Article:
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This Week in Health Care Reform: August 3rd, 2018

Recent polling finds divisions over value, but general consensus on costs in health care; drugmakers’ tactics are exposed in Medicaid; stakeholders expand their focus beyond traditional care settings; and, the consumer-provider relationship goes under the microscope.

Week in Review

Value vs. Costs: It’s no overstatement to say that we find ourselves living in pretty polarized times.  That holds true across a broad range of issues, not the least of which being perceptions of the overall value of medical treatments as it relates to costs.  However, where there appears to be general consensus is in the belief that health care is increasingly unaffordable, at least according to a new survey from the Pew Research Center.  Of those polled, nearly half (48 percent) said that medical treatments were worth the cost, while slightly more (51 percent) held the opposite opinion, saying such treatments often create problems.  But, regardless of where respondents fell along that spectrum, the vast majority (83 percent) said that the high cost of medical treatments makes quality health care increasingly unaffordable.  This would seem to be reinforced by the findings of a separate survey of health care CEOs – performed by the Advisory Board Co. – who listed cost containment as their number one priority.  In that poll, nearly two-thirds of executives said that preparing their organizations for sustainable cost control was their top aim, followed closely by adopting innovative strategies to reduce expenses and diversify revenue streams.

Medicaid Rx: A recent investigation undertaken by NPR and the Center for Public Integrity uncovered the pervasive and nefarious influence that drug companies exert over the process used by Medicaid programs to determine which drugs make it onto their “preferred drug lists”.  Those lists are used by states to determine which drugs work best and are also affordable.  As background, Medicaid accounts for more than a quarter of 26 states’ budgets, with the cost of prescription drugs driving that spending higher.  In fact, between 2008 and 2016, Medicaid drug costs grew nearly 50 percent per patient, almost doubling the program’s drug spending to $31 billion.  The investigation pulled back the curtain on how drug companies have infiltrated the process that determines how their products will be covered by taxpayers.  The tactics employed by these manufacturers to influence state Medicaid drug cost controls included: free dinners and consulting gigs; paying for officials’ attendance at all-inclusive conferences; and, putting forward experts to testify about their drugs, while failing to disclose financial ties with their companies.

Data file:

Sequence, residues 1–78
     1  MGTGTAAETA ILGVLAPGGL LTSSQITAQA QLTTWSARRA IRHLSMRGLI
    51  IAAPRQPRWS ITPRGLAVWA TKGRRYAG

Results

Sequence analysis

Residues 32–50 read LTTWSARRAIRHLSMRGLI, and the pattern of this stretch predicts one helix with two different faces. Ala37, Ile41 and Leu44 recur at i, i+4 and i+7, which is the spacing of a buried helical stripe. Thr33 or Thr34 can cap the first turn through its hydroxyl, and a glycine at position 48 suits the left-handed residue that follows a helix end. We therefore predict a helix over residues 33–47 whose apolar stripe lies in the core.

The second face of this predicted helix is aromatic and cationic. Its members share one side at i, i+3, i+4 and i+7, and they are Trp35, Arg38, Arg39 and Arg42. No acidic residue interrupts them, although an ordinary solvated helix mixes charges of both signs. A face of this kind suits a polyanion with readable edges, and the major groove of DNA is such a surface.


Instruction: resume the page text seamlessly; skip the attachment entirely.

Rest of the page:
Focus on Wellness:
Our health care system continues to shift in fundamental ways.  Some of those changes are driven by the evolving nature of the relationship between health plans and providers.  Other changes, by consumer expectations and the focus on removing barriers to access.  Whatever the impetus, stakeholders across the health care spectrum find themselves reimagining their approach to helping patients – in particular, those with low incomes or chronic conditions.  Whether it’s providing rides to fitness centers or checking in with patients to ward off loneliness, there’s growing recognition that so much of a person’s health depends on what happens outside of a traditional care setting.

Consumer Engagement:
A pair of recent surveys seeks to shine a spotlight on the changing nature of the patient-doctor relationship.  The first, undertaken by Black Book, gauged respondents’ opinions on health providers’ engagement capabilities.  Tellingly, most consumers (92 percent) said health systems should make improving the customer experience a top priority.  Further, 90 percent of patients said they no longer feel obligated to stay with a provider who fails to meet their digital needs.  And, 88 percent said that they’d choose their next provider based on the strength of their online presence.  The second survey, performed by global brand marketing consultant Prophet, focused on health care executives across a range of industries and geographies, seeking to identify shifts their organizations were focusing on in pursuit of greater consumer centricity.  Those shifts included moving from:

  • Tactical fixes to a holistic experience strategy
  • Fragmented care to connected ecosystems
  • Population-centric to person-centered care
  • Incremental improvements to extensive innovation
  • Insights as a department to a culture of consumer obsession      


We encourage you to stay involved as implementation efforts surrounding health care reform progress.  Visit the Health Action Network and be sure to let us know what's on your mind.



In the latest example of how innovative partnerships are reshaping our health care delivery model in order to keep pace with evolving consumer expectations, health benefits company Anthem, through its LiveHealth Online application, announced a new collaboration with technology giant Samsung and telemedicine organization American Well.  The new partnership streamlines existing arrangements between the three companies, embedding American Well’s platform into the Samsung Health application, a service which will now be opened up to Anthem’s 74 million members.

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